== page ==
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UBC Theses and Dissertations

Unheimliche Heimat: Reibungsflächen Zwischen Kultur und Nation zur Konstruktion von Heimat in Deutschsprachiger Gegenwartsliteratur Strzelczyk, Florentine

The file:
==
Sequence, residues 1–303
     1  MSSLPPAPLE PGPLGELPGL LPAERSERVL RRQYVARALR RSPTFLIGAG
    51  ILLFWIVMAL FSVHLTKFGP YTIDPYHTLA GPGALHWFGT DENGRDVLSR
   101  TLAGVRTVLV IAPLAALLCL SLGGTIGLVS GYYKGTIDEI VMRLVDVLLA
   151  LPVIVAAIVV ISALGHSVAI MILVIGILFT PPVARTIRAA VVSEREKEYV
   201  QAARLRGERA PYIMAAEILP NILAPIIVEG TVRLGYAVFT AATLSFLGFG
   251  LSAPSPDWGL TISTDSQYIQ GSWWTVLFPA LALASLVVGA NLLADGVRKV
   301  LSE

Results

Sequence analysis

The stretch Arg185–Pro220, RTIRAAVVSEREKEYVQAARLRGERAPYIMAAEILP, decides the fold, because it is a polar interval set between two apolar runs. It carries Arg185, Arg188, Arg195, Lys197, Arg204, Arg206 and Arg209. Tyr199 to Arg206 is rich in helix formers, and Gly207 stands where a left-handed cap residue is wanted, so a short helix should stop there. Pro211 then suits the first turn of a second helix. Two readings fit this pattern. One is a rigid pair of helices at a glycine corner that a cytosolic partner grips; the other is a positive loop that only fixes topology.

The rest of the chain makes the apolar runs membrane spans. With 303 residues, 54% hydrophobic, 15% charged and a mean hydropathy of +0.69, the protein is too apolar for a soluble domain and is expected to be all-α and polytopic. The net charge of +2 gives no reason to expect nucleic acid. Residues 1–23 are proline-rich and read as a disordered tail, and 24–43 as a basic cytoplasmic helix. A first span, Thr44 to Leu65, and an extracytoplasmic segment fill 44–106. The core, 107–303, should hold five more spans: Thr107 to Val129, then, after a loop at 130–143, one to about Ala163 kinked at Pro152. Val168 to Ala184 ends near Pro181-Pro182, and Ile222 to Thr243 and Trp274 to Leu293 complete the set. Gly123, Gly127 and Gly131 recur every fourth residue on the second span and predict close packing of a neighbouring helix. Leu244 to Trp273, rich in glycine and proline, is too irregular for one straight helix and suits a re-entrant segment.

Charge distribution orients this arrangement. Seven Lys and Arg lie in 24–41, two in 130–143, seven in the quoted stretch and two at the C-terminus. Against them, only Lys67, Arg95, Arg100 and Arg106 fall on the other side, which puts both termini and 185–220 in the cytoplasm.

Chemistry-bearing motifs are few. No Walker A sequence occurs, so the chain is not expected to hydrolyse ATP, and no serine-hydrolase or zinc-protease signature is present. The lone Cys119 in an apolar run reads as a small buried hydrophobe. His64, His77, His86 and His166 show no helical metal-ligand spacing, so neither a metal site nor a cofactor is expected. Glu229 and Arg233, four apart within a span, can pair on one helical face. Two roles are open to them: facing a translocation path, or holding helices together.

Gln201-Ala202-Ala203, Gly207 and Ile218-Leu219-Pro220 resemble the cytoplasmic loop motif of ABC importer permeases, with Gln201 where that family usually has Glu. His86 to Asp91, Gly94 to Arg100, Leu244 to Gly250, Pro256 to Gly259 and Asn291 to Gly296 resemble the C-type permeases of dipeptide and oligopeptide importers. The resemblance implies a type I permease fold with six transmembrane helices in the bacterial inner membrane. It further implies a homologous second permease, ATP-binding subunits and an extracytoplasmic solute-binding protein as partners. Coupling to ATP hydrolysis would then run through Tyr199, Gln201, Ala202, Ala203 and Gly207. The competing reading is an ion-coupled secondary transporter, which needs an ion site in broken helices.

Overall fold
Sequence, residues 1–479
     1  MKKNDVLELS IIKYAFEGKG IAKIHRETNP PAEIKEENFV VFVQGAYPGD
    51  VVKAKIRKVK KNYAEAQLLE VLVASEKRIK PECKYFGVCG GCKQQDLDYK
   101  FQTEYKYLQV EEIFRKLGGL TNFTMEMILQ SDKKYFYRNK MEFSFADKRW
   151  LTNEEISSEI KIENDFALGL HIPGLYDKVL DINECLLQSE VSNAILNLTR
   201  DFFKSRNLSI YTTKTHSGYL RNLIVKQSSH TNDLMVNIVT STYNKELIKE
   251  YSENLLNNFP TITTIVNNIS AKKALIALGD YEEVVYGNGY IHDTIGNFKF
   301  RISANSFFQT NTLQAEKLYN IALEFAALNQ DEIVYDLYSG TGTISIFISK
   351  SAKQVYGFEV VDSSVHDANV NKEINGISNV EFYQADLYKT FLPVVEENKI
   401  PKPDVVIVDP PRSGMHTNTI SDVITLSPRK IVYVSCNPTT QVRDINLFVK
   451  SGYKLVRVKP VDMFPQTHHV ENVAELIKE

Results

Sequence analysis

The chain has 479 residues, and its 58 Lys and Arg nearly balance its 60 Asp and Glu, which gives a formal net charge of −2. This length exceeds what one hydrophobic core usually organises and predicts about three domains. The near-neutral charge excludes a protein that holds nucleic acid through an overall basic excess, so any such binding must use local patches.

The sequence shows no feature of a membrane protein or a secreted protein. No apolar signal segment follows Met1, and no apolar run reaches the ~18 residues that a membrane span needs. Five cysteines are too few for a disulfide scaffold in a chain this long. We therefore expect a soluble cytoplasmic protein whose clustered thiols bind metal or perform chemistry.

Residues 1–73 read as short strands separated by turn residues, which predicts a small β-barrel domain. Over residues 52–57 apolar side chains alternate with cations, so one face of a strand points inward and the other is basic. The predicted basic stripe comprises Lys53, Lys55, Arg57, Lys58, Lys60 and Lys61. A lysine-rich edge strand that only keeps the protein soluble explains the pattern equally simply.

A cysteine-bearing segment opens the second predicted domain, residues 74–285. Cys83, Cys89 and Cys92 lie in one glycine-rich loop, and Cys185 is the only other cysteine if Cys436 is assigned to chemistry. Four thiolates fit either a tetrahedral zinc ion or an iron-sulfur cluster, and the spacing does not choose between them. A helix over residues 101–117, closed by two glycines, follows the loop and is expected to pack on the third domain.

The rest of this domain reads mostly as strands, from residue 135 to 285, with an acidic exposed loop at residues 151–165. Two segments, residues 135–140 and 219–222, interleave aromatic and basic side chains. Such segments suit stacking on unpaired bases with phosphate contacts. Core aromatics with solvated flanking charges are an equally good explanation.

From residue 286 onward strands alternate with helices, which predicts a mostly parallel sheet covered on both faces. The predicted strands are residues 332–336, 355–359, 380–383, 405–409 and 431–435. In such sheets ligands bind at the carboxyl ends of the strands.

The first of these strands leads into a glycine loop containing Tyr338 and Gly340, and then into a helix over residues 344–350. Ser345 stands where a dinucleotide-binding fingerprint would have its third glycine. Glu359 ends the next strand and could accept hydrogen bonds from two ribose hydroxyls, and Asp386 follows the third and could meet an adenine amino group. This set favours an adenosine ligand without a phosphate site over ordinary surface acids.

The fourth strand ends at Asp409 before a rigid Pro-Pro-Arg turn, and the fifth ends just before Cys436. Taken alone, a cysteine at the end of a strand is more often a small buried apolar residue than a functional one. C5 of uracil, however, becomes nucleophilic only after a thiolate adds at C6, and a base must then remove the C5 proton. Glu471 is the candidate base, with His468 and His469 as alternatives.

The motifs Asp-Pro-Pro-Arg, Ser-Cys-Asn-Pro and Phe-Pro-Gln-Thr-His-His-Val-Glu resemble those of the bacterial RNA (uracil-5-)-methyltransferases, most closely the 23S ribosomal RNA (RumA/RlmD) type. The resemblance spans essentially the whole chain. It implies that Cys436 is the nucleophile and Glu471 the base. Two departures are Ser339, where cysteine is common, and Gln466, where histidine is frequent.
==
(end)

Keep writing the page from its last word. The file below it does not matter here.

The thesis explores the vexed concept of Heimat in recent German culture. Heimat evokes an exclusive group, founded on the idea of the unity and homogeneity of its members. Conflicts arise around the concept because it constructs oppositions between those who belong and those who do not, insiders and outsiders, the domestic and known in opposition to the foreign and strange. Historically, the concept has been used to tell a story about the cohesion of the German nation; it has also, however, been used to assimilate, eliminate, or exile its Others. The thesis examines how the legacies of the concept and its narrative reverberate through the nation-building process of Germany today. The concept of Heimat is active in films, literature, the law and contemporary German society. The argument is that the concept of Heimat still shapes German identity in ways that use old forms and oppositions to respond to recent social changes. It is argued further that the tensions around the concept have not diminished, but are spreading into many different areas of German everyday life. Two films by Edgar Reitz provide the starting point for exploring the tensions around Heimat in contemorary German culture. Following readings of texts by Jewish-German, Austrian- German, Swiss-German, Persian-German, Rumanian-German, East and West German authors show the concept persisting in different forms with different consequences, according to the different cultural contexts. In each of these contexts, the concept of German Heimat produces both social cohesion and social tensions. As much as people are united by the concept, they are also driven apart by its differentiating and disintegrating mechanisms. Motivated by the search for communal intimacy, the concept also has the effect of controlling and manipulating what appears different and alien. As such a network of interests and strategies it is not merely closed, fixed and bounded, as desired perhaps by the dominant cultural groups, but rather open for contestation and negotiation within and across national borders.

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